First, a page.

Crevasse rescue training

Every year as we take a new bunch of student helpers out to the glaciers with us we arrange a crevasse rescue course. This year Benjamin and Christoph Stern were our guides at the Stubai Gletscher ski area where we slid down steep faces to be rescued s part of a larger rope team and practiced rescuing conscious people on a smaller 3 person rope team. Then we went to the stairs to practice self rescue:

I love doing these courses every year as I always learn something new, or refine my skills or get another idea of something to think about while undertaking glacier travel. There is much that i already feel quite adept at – judging the landscape, assessing dangers, setting anchors of various kinds, direct haul rescuing using a z-pulley system, self rescue, but, for example, this was the first year I ever practiced a rescue with a larger rope team (as we usually travel with just 2-3 people for fieldwork), and we also discussed how dangerous it can be to leave someone hanging unconscious in a crevasse and how to get to them fast and rig a little chest harness to get them into a stable position. I practiced using the Garda hitch which is nice, as although I usually have a Petzl microtraxion with me, you never know when you might have to work without it. Especially when you are ham-fisted like me, and likely to drop valuable gear into crevasses …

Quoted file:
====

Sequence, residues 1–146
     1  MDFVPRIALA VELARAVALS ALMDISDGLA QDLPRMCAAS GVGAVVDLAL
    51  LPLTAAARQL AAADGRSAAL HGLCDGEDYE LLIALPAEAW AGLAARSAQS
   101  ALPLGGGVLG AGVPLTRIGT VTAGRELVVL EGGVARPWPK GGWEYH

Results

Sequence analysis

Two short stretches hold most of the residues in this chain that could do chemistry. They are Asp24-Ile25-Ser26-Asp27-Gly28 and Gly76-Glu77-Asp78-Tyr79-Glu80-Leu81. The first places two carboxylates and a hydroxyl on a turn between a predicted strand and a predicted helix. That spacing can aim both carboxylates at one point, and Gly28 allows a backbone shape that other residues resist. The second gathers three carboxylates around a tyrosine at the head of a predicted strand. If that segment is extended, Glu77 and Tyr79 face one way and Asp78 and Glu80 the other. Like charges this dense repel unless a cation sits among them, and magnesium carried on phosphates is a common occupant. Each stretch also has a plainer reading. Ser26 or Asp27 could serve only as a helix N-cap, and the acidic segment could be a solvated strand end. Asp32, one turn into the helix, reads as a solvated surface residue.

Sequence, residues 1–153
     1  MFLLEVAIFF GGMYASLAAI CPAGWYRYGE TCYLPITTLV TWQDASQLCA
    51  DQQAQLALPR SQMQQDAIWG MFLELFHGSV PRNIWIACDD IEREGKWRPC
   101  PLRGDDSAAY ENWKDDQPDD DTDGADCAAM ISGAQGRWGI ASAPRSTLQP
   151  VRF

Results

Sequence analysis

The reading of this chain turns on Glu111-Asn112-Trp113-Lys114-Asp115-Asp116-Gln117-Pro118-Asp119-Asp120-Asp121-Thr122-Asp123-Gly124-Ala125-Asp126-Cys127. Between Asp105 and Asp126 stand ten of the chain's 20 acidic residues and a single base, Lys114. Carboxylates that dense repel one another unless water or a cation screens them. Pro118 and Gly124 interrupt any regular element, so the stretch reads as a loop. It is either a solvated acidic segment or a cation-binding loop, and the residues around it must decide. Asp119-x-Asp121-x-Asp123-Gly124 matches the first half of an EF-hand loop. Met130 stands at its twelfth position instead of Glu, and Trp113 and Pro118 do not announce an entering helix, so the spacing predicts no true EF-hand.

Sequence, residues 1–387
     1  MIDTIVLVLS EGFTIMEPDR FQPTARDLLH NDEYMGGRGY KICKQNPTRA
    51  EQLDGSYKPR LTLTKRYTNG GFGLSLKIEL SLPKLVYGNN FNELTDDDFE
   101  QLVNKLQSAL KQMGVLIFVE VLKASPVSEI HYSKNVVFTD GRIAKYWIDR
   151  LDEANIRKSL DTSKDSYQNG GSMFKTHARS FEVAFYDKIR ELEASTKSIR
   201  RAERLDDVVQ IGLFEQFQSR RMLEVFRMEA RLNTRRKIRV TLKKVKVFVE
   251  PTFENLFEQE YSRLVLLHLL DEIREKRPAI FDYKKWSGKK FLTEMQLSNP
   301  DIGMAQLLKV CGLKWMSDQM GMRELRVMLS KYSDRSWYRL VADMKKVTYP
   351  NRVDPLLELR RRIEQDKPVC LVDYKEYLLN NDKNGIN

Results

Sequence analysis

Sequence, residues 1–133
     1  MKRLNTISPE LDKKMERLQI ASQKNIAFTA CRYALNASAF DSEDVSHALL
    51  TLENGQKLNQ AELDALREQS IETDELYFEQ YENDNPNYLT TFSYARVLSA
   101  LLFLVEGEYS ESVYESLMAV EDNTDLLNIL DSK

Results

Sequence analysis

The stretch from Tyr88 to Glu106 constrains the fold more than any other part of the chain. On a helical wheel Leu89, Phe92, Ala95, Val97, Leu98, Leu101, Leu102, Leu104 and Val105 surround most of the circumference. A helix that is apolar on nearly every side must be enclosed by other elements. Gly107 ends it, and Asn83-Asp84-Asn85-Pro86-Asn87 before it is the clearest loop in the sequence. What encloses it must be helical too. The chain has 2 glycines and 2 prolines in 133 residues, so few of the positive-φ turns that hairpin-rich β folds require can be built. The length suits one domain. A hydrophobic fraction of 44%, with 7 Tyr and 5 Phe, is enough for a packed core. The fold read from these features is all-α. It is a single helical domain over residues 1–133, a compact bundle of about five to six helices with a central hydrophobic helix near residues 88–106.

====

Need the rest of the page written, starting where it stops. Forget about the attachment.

Stay safe out there!

About lindsey

Environmental scientist. I am glaciologist specialising in glacier-climate interactions to better understand the climate system. The point of this is to understand how glaciated envionments might change in the future - how the glaciers will respond and what the impact on associated water resources and hazard potential will be.
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